Tag: Michael Jordan
Decades before our friend and former SF NFL star quarterback Colin Kaepernick found himself “unhireable” – for the “crime” of taking a knee to protest the rockets-red-glare-bombs-bursting-in-air “Star Spangled Banner,” theme song of continuing European white supremacist terrorism and racist murders – another gifted pro athlete was “white-balled” out of the NBA. Mahmoud Abdul Rauf was a nearly “unguardable” sweet shooting point guard for the NBA’s Denver Nuggets in the 1990s.
The reverberations. Not the rumbles, the reverberations. The death of Muhammad Ali will undoubtedly move people’s minds to his epic boxing matches against Joe Frazier and George Foreman, or there will be retrospectives about his epic “rumbles” against racism and war. But it’s the reverberations that we have to understand in order to see Muhammad Ali as what he remains: the most important athlete to ever live.
The title of my book, “Annotated Tears: America’s Auschwitz,” came from one of the poems inside. It’s a socio-political piece geared toward unveiling California’s injustice system, with specific reference to its treatment of juveniles, which upon reflection resembles Hitler’s Germany. The piece, entitled “America’s Auschwitz,” begins: Everybody’s a victim -- Sick depictions of pain ... Gestapos lurking through the ghettos -- Trailed by a bag of chains ...
Michael Jordan, as an NBA player, owner and cultural force, has always been proudly apolitical. Most famously, he refused to oppose segregationist Jesse Helms in his home state of North Carolina by saying, “Republicans buy sneakers too.” Yet Los Angeles Clippers owner Donald Sterling’s racist rant has so upended the NBA apple cart that even Jordan is speaking out.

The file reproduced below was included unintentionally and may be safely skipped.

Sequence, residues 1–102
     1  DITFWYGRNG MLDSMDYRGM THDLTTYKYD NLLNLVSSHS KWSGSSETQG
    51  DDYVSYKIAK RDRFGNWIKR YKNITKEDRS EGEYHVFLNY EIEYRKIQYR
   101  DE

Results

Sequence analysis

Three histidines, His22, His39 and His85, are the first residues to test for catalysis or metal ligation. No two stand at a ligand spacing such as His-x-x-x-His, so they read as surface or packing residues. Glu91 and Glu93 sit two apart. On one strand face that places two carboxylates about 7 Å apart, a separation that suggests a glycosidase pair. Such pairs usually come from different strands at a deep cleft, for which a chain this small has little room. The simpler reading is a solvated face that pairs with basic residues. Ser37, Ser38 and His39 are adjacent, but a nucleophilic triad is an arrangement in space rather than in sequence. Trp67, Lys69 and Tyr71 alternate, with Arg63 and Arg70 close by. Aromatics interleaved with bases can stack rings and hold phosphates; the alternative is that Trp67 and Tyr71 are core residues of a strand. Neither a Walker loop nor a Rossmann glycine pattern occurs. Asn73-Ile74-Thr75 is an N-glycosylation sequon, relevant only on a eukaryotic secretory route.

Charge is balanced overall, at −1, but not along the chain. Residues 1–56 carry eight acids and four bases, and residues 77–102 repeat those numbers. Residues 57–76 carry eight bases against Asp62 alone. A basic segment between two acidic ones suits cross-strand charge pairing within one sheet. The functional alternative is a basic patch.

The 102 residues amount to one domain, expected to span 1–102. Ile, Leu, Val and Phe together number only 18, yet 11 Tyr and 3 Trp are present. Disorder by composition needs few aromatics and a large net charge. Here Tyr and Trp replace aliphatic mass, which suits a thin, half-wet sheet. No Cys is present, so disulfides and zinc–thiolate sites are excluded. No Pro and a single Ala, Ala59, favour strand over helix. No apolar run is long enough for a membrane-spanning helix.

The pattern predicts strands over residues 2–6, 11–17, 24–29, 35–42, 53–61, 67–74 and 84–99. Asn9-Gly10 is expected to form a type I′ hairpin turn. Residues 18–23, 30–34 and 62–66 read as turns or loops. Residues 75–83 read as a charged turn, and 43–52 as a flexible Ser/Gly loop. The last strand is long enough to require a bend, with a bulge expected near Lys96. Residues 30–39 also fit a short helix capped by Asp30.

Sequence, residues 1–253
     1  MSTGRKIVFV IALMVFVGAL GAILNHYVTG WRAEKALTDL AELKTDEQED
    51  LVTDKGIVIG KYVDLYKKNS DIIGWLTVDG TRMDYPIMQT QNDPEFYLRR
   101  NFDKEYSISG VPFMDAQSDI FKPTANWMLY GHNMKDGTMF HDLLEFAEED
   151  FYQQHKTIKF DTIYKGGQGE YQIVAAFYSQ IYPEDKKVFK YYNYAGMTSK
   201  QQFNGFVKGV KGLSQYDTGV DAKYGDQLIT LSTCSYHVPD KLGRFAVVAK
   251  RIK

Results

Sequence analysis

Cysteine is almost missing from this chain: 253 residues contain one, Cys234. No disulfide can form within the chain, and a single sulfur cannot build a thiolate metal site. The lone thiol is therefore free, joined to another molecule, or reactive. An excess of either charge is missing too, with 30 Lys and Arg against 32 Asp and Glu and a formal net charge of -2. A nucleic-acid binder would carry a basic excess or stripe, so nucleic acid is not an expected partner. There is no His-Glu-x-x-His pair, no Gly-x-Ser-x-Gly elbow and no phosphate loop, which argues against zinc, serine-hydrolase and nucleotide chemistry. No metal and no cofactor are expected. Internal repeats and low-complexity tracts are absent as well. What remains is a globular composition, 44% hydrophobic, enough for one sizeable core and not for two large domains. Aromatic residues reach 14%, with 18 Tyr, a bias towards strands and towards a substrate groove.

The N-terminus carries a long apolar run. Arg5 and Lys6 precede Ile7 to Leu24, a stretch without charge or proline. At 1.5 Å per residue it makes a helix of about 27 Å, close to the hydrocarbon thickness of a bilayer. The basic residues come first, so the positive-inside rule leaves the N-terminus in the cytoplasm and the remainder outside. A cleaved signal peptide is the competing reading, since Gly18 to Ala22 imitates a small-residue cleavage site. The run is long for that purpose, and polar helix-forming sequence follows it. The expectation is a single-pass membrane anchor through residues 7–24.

On the birthday of Dr. Martin Luther King Jr., it comes to mind that from day one our society and culture have been heavily influenced by film. The recent slavery-related films, “Lincoln,” directed by Steven Spielberg, and “Django Unchained,” directed by Quentin Tarantino, will have a social, economic and psychological impact.
Renowned artists and athletes meet once a year in Lake Tahoe to play golf and raise money for charities. Michael Jordan, John Elway, Kevin Nealon, Aaron Rodgers, Dennis Haysbert, Jerome Bettis, Jim Harbaugh, A.J. Hawk, Jim McMahon and many other entertainers and sports figures participated in this fun-in-the-sun annual event.
Jesus El, a member of the Golden State Warriors acrobatic dunk team, has started a youth program, Boys to Eagles, to help young men who grew up in single parent homes in the ghetto just like him. The program not only helps train acrobats, but musicians, video journalists, dancers and entrepreneurs.